Intuitive eating promises to free its followers from food rules and calorie counting, but is it just another diet trend?
Mari Lopez' niece and YouTube co-star attributes her death to radiotherapy treatments.
So much for "clean" eating.
British fitness guru Joe Wicks, a.k.a. The Body Coach, has five best-selling cookbooks and viral YouTube workouts designed to “keep you lean and healthy.” I took him to a greasy spoon in South London.
In the fight to dissociate from "clean eating" and spread an ethical message, vegans like myself risk forgetting that disordered eating can exist alongside veganism.
"Clean eating? That's some rich white people shit."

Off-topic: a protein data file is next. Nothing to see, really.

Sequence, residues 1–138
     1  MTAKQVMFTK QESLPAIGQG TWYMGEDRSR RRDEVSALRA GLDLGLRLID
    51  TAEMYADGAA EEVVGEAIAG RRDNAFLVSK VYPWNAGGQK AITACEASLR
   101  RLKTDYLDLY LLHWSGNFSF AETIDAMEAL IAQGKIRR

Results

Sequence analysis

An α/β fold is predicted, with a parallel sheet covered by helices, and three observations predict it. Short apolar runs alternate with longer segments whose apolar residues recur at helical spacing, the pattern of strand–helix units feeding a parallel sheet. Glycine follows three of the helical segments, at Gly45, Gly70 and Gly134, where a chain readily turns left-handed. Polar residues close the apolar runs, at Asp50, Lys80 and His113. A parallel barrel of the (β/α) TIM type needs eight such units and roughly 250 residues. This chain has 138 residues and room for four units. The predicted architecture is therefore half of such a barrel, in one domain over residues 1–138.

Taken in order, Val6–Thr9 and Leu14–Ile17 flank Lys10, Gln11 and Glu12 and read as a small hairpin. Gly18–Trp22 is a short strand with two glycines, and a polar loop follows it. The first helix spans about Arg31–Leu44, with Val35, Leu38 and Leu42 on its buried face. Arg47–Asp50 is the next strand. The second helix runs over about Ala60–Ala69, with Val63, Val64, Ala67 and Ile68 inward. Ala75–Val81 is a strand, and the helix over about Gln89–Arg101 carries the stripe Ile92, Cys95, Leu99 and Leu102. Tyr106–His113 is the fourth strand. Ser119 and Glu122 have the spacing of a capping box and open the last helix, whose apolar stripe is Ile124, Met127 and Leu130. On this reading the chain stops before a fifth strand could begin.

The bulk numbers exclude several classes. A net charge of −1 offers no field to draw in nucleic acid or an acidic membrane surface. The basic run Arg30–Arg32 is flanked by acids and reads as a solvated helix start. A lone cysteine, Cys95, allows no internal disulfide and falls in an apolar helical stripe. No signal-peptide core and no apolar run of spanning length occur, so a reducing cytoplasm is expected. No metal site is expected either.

Could anything beat my patented classic: the banana, Alka-Seltzer, black coffee and more booze combo?
Researchers have reason to believe that 'clean eating' isn't all that great, and bloggers and social media may be to blame.
Forget Dry January; going vegan is much harder than dropping the bottle.
Despite what the Instagrams of the oracle-like “clean eating” bloggers and wellness gurus may suggest, qualifying to give safe nutritional advice requires a certain level of training.
We went along to a talk given by hit blogger and cookbook writer Ella Mills (a.k.a. Deliciously Ella) to find out what those attending think about our new obsession with all things “wellness.”
"Clean eating" and "wellness" are making vegans look even more ridiculous to everyone else than we already did.